The mission said Brown wanted to check on the “health and safety” of Wine, who became famous after years of singing about government corruption and nepotism, charges the government denies.
The former pop star-turned-legislator, who came second with almost 35 percent votes, rejected the results and accused his rival, President Yoweri Museveni, of winning by fraud. Wine has so far provided no evidence to support his allegations.
The electoral commission, however, on Saturday declared Museveni the winner with 58.6 percent of the vote. Museveni, 76, has been in power since 1986.
On Tuesday, Wine’s lawyers filed a petition in the high court challenging the legality of detaining Wine and his wife without charge. The court has not yet said when the petition will be heard, lawyer Benjamin Katana told Reuters news agency.
‘Meddle in Uganda’s internal politics’
Government spokesman Ofwono Opondo said Brown had no business visiting Wine.
“What she has been trying to do blatantly is to meddle in Uganda’s internal politics, particularly elections, to subvert our elections and the will of the people,” he said. “She shouldn’t do anything outside the diplomatic norms.”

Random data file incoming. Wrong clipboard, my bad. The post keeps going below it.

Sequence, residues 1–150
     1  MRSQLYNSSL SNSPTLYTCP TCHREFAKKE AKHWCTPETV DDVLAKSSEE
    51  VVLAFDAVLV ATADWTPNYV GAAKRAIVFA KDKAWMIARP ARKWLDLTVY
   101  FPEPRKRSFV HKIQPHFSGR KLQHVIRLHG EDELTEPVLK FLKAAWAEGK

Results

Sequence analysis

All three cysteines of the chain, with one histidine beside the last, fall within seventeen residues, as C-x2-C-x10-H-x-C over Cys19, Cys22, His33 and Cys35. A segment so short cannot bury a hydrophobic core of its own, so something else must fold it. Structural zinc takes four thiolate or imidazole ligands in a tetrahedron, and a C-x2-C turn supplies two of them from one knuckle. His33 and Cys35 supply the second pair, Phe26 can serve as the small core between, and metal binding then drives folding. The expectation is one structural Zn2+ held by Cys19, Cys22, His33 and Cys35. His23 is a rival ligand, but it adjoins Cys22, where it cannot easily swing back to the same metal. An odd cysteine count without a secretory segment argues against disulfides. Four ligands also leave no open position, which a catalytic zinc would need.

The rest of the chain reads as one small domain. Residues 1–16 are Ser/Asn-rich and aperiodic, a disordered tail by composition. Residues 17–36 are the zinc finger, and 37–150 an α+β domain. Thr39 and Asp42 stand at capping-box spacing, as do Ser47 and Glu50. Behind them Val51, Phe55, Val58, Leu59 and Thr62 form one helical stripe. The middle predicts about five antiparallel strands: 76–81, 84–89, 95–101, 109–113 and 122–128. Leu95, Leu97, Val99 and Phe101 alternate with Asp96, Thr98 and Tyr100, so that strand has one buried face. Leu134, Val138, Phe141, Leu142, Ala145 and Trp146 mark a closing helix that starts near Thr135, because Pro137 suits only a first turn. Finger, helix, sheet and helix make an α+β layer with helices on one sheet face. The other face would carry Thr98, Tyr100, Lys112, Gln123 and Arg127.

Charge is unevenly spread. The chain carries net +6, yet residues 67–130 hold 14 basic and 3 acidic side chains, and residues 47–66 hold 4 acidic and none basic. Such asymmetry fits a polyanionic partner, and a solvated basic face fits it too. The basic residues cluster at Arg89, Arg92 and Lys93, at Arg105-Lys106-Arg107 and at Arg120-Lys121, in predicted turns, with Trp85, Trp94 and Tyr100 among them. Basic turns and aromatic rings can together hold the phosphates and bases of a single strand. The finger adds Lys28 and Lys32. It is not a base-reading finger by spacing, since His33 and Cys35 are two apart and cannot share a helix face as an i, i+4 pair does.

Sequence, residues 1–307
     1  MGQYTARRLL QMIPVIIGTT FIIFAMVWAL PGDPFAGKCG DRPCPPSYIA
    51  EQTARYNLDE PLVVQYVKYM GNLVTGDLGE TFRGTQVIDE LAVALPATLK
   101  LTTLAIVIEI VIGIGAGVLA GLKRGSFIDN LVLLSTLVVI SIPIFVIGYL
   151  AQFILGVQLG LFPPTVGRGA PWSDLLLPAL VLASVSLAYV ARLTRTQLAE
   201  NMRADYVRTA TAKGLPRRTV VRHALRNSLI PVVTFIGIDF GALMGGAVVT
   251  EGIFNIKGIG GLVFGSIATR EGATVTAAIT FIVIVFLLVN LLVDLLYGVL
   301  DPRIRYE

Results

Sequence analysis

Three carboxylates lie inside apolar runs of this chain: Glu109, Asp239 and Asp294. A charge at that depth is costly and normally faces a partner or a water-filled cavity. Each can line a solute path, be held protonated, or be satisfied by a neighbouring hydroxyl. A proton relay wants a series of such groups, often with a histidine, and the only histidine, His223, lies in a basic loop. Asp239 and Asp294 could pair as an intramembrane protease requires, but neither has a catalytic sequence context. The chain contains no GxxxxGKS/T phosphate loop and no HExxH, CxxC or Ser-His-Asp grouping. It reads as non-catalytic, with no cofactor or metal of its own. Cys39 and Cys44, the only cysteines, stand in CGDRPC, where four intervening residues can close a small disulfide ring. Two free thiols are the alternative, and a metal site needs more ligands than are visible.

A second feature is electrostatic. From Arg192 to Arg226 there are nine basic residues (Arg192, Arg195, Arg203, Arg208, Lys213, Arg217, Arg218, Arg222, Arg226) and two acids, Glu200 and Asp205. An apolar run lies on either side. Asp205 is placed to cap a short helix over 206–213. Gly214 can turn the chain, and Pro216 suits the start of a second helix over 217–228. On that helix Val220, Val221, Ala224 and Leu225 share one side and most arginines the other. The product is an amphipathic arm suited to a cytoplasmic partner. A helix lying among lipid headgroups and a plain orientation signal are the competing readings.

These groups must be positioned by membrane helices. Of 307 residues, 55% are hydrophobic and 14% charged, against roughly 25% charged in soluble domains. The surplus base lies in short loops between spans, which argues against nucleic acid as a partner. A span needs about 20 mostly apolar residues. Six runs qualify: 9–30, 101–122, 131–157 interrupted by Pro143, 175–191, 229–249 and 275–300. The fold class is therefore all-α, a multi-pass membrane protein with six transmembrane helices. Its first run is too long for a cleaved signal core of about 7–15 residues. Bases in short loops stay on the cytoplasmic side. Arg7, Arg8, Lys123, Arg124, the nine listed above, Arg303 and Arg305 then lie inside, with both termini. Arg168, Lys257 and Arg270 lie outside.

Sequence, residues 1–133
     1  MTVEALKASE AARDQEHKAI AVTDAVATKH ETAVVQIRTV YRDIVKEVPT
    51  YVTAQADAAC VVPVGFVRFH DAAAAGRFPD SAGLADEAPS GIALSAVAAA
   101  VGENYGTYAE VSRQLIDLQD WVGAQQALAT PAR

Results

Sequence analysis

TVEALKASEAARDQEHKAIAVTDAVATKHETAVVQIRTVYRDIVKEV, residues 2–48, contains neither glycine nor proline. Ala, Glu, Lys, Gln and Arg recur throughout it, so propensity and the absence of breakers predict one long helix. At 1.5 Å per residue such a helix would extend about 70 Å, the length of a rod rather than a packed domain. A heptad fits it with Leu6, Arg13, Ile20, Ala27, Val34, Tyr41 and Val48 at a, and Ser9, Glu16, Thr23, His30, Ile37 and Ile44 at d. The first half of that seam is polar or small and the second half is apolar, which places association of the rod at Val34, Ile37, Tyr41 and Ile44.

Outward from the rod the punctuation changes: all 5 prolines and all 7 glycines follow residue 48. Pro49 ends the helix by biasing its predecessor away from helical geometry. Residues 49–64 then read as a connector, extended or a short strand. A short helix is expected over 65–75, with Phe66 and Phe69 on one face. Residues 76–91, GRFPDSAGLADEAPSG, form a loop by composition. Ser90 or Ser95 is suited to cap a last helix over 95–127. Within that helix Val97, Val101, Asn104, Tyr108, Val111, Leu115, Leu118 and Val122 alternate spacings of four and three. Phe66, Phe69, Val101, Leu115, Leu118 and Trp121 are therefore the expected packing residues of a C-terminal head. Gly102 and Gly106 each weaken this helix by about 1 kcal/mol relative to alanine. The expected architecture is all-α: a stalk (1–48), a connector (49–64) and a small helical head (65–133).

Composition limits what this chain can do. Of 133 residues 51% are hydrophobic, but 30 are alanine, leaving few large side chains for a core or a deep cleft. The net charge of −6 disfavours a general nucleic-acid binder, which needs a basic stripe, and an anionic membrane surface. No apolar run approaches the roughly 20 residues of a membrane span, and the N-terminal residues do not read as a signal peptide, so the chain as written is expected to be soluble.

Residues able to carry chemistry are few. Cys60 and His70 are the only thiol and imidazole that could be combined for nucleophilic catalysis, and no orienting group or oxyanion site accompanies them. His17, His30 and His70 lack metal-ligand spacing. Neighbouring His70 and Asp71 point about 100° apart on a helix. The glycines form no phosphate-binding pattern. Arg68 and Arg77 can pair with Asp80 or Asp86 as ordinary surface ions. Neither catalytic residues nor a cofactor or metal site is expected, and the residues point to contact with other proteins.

The sharp, public rebuke to the US from the Ugandan government is relatively unusual as the two nations are allies.
Kristof Tetica, a professor of international development at the University of Antwerp, noted Museveni’s relations with the international community took a turn for the worse since November, when the president blamed anti-government demonstrations on “foreign groups and homosexuals”.
He added donor support from the international community has been crucial to Museveni’s government since the mid-1980s.
“So that’s why it’s so surprising relations have become so hostile.”
There was no immediate comment from Brown or the US embassy.
Opondo said, without providing any evidence, that Brown had a track record of causing trouble in countries where she has worked in the past. The government was watching her, he added.
The US embassy has said last week’s vote was tainted by harassment of opposition candidates, suppression of media and rights advocates, and a nationwide internet shutdown.
“These unlawful actions and the effective house arrest of a presidential candidate continue a worrying trend on the course of Uganda’s democracy,” it said in the statement on Monday.